It’s hard to imagine a world without textiles. From the clothes we wear to the bedsheets we wake up in – we come into contact with textile fabrics nearly all the time. The textile sector, which includes the fashion industry, is marked by low rates of utilisation and low levels of recycling, leading to substantial and ever-expanding pressure on resources.
On average, European citizens discard 11kg of textiles per year, with garments typically having been worn only 7 or 8 times. At the same time, the European market has seen a sharp rise in apparel sales over the last two decades, with a 40% jump in pieces of clothing bought per person.
Both developments are mainly due to the ‘fast fashion’ phenomenon, with quicker turnaround of new styles, increased number of collections and often, lower prices.
Hosted in one of America’s greenest cities, Greenbuild Conference & Expo continues to set an industry standard for events by reaching 86% diversion rate.
This is the fourth article in a six-part series on the application of Meléndez’s Pyramid for Favela Upgrading to the city of Rio de Janeiro and its favelas. This pyramidal concept was conceived by the author of this series as a proposed methodology to achieve more coherent and sustainable results…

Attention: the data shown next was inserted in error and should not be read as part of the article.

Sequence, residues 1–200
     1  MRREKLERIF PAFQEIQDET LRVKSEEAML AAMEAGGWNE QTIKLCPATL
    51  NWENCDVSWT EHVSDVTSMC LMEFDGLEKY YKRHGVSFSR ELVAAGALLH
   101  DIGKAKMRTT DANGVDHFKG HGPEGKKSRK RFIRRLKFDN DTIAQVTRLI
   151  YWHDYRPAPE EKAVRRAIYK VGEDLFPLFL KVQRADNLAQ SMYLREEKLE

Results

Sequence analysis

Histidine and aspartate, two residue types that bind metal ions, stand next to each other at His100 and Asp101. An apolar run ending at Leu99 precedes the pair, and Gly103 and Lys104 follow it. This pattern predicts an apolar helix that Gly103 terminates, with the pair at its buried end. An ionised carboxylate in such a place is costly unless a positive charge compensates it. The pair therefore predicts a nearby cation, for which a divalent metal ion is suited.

Resource Recovery Playbook: Expectations for the circular economy of 2030 and the steps required to achieve a sustainable future. Download your free copy now!
From 1st January, a series of changes in the Common Agriculture Policy have been in effect. Agreed on 12th December, the so-called Omnibus was entered into the official EU record on 29th December. These changes are variously described as simplifications or improvements. However, as we’ve outlined, much of what’s been changed is a step backwards, with changes in Ecological Focus Areas to reduce the ecological dimension in particular being problematic. A positive in this regressive legislation is, however, the scope given to member states to define permanent grassland differently. This could well impact positively on upland farming, on High Nature Value farming, or agroforestry; it could reduce scrub fires and make farming more viable in upland areas in general. However momentum would need to develop in member states to encourage this.